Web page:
Is your spasticity limited to only one arm? If so, nerve block injections may be the best option for you. That’s because they’re effective and have fewer side effects than oral medications. Two main types of injections are commonly used: botulinum toxin and phenol.

Botulinum toxin (Botox or Myobloc) is a neurotoxin that works by blocking chemicals that make muscles tight. These injections usually improve muscle stiffness within two to four weeks. You may need more than one shot, although too many injections may be counterproductive, says Joel Stein, MD, professor and chief of the division of rehabilitation medicine at Weill Cornell Medical College in New York City.

Ross Bogey, DO, assistant professor of physical medicine and rehabilitation at the Rehabilitation Institute of Chicago, says that botulinum toxin may indirectly help with stroke rehab, especially for patients who can’t undergo therapy because of spasticity in their wrist and hands. "We often use Botox to reduce spasticity so patients can participate in therapy that leads to ... recovery," he says.

Botulinum toxin is approved by the FDA for use in upper extremity spasticity. The most common side effects of botulinum toxin are:

  • soreness at the injection site or affecting your whole body
  • weakness in muscles that have been injected
  • trouble swallowing
  • a red rash

Baclofen can be given as an injection within the space surrounding the spinal cord also known as intrathecal injections. However, this this requires surgical implantation of a pump that delivers the drug to the spinal cord. Side effects may include:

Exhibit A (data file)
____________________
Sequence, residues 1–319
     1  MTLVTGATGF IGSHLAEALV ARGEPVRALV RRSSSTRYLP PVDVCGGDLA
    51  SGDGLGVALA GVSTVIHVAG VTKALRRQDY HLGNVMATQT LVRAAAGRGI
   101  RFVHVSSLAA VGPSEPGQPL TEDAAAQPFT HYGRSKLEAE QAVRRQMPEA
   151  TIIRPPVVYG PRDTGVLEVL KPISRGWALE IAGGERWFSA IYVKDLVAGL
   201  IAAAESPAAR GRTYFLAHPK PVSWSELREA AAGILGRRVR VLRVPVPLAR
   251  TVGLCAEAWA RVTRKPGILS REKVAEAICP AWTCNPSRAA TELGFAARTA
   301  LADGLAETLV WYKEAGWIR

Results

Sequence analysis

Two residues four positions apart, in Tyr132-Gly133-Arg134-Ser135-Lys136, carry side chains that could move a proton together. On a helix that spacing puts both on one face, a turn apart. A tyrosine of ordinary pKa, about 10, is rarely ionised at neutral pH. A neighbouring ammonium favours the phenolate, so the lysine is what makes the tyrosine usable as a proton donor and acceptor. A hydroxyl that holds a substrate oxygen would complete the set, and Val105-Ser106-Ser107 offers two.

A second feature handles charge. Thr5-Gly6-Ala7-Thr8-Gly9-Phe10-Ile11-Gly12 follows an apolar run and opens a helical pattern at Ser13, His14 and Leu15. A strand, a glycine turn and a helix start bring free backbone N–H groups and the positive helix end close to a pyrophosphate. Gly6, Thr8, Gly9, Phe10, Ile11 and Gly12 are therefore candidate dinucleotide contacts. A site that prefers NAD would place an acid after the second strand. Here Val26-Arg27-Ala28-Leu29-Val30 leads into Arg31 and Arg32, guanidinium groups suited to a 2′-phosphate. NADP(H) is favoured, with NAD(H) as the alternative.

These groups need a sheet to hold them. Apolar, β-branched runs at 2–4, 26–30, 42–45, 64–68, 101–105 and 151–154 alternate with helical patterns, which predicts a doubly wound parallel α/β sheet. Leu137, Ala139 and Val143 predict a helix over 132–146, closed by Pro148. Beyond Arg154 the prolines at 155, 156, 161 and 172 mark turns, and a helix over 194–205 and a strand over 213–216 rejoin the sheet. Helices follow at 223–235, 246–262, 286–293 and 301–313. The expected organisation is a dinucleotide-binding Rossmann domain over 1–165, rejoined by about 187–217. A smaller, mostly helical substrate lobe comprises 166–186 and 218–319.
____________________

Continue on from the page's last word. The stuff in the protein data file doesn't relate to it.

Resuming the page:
• Drowsiness
  • Nausea or vomiting
  • Headache or dizziness
  • Loose muscles
  • A problem with the catheter delivering the drug

Phenol is an alcohol injection that acts more quickly and may last longer. It provides relief from spasticity by eliminating certain nerve pathways.

The most common side effects of phenol are:

  • pain during injection
  • burning or tingling sensation at the injection site
  • swelling in the injection area

Surgery is a last resort in severe cases.

"If someone has significant ongoing pain despite trying multiple injections, oral medications, or intrathecal medications, they might need to consider surgery to the tendons, for instance, to improve tone in that limb," Gottesman says. The same is true, she tells WebMD, for a patient who can’t tolerate any of the medications.

Surgery might be used in cases where someone has developed a permanent shortening of the tendon and treating the spasticity alone won't help, Bogey says. "You have to lengthen the tendons to get them back into a functional position," he says. In other cases, surgery may be used to cut and transfer tendons or to sever the nerve muscle pathway.

Researchers are studying how medicine might improve relearning motor skills after a stroke or the ability of the brain to take over parts of the brain damaged by a stroke, says Gottesman. "And, in the days after a stroke, we may one day be able to give a neuroprotectant, which could reduce the extent of brain injury related to stroke and would ultimately improve stroke recovery."

But it’s unlikely that a single drug will ever address all the problems associated with stroke, Bogey says. "Strokes are complicated and many types of neurotransmitters are typically involved."